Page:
OSAKA -- A Japanese scholar said Monday he
believes the discovery of 19 Buddha statues at an
ancient site in Iran challenges current theories
on the spread of Buddhism.
to one established theory, Buddhist statues were
first created in Gandhara, northwestern Pakistan,
in the early second century using Greek techniques
from the west that later spread eastward and
southward, said Takayasu Higuchi, professor
emeritus at Kyoto University.
the latest discovery, made in the Iranian state of
Fars, which is about 1,700 km west of Gandhara, is
quite unusual, Higuchi said.
may be possible to formulate a new theory on the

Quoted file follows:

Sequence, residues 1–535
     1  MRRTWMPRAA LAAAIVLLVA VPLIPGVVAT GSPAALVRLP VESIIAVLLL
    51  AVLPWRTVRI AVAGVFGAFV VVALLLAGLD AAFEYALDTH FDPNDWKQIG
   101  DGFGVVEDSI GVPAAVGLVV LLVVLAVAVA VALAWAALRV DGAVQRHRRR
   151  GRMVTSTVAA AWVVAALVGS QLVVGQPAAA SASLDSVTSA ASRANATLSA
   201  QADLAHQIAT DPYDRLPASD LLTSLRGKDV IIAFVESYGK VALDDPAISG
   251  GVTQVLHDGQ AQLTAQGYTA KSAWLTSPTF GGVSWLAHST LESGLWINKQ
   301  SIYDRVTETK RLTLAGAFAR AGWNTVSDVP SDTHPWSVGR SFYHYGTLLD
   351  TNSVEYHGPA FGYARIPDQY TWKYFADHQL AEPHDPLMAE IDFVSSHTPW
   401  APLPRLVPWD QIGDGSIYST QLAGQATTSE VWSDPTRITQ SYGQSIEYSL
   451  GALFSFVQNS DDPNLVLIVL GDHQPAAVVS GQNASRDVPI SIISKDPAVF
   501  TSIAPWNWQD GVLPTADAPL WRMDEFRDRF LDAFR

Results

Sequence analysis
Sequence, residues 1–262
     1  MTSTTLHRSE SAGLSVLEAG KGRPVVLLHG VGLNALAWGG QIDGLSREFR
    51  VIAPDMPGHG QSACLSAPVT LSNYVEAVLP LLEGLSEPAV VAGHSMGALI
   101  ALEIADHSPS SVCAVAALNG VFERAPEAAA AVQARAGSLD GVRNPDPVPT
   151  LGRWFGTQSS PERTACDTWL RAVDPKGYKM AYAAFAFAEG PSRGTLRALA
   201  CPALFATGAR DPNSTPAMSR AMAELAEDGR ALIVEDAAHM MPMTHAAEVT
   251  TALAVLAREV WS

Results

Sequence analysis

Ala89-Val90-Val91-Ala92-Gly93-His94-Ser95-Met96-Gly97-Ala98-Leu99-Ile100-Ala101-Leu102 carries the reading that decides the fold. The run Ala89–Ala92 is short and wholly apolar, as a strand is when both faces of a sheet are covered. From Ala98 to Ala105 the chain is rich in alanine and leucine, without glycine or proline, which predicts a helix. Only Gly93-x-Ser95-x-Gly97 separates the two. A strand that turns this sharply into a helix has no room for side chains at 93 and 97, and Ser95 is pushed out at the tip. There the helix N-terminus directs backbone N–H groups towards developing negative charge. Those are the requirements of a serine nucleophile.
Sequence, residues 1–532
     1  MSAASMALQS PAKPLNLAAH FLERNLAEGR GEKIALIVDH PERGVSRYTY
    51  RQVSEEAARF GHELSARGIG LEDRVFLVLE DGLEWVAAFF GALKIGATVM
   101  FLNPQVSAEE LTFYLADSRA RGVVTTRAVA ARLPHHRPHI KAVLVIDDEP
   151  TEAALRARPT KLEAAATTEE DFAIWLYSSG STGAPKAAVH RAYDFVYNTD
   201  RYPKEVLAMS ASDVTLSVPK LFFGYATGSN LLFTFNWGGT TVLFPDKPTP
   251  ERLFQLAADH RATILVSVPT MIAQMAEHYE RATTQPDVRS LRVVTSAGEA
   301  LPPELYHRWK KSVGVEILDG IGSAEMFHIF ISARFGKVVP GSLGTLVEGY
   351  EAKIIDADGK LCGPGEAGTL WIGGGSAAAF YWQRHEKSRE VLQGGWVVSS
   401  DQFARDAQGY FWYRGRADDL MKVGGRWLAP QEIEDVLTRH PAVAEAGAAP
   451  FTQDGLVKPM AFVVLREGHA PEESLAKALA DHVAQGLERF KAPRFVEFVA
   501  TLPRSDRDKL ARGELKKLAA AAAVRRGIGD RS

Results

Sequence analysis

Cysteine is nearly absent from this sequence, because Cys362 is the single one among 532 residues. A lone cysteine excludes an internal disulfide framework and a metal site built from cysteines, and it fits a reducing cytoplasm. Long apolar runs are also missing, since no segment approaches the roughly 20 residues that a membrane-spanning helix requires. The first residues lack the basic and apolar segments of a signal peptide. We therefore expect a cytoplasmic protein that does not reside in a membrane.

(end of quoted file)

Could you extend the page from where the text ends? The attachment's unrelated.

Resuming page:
background of how Buddhism spread," he said,
suggesting the religion may have been present in
with characteristics similar to the Fars statues
have also been unearthed farther north, in eastern
Afghanistan, and Higuchi said that this could mean
Buddhism also spread west at an early stage.
19 statues, between 5 cm to 20 cm tall, are made
of clay and plaster and look similar to the
statues in Gandhara, according to Higuchi.
are partially burned and colored, but the faces
are almost intact, he said. They also bear some of
the characteristics of items found between the
first and third centuries in the state of Kusana
in northern India, he said.
examined the statues in late April, when he was
invited by Iranian authorities to go through